Updated: Apr 21
Did you know that our skin is the largest organ in our body? I never thought about the skin as an organ, but it really is. We’ve all heard of organs such as the heart, liver, and lungs being transplanted. Skin is also transplanted when it is grafted onto burn victims. Like all other vital organs, our skin is necessary for our physical survival. Our organ of skin however is unique, in that receiving physical touch is necessary to our emotional survival. We’ve all heard stories of people being isolated in solitary confinement or on a prison death row. They talk about how they become starved for just the slightest human touch.
For children who have harmed and abused however, what is appropriate touch?
The answer to this question can be complex. Some children—especially those who have been sexually harmed—can be very indiscriminate in their desire for touch, approaching complete strangers for a hug or to be picked up. For these children, we must be gentle and firm in repeatedly teaching them what and who is appropriate and safe, and what/who is not appropriate or safe. Some children also have special needs such as a sensory disorder, where they recoil from touch. Yet others avoid touch out of self-preservation due to a past history of abuse.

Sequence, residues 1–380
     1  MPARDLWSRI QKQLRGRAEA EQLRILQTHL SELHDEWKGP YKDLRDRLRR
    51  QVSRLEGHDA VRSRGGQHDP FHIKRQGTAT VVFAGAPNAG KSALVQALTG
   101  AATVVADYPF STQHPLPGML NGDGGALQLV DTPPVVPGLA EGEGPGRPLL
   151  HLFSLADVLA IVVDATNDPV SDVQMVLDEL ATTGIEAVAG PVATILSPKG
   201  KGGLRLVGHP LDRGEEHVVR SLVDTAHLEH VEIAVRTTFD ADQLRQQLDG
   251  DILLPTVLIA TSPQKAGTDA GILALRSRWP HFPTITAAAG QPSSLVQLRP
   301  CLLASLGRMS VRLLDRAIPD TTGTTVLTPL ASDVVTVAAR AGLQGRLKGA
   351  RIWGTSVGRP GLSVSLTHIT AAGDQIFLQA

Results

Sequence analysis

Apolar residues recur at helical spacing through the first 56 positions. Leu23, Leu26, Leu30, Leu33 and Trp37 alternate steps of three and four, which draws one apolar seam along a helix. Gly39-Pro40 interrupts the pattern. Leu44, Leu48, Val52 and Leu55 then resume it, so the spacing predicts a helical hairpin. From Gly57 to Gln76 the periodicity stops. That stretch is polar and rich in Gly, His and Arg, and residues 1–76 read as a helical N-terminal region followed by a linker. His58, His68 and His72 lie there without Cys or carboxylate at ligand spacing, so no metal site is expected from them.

For children who avoid touch, we must “follow their lead.” Giving hugs, and even pats on the back, and even sometimes a simple “high five” to a child must be earned in a safe, trusting relationship. A newly adopted or foster child may need time—possibly more time than you think—to trust you, his parent, in order to proceed from verbal trust to physical trust. This is especially true for daughters with their fathers. Parents, be patient and be observant. Always ask for permission for a hug (and even possibly for a “high-five”) when the time is appropriate. If your child is reticent to express physical affection, remember it is rarely a reflection on you as much as it is a reflection on where he or she has come from.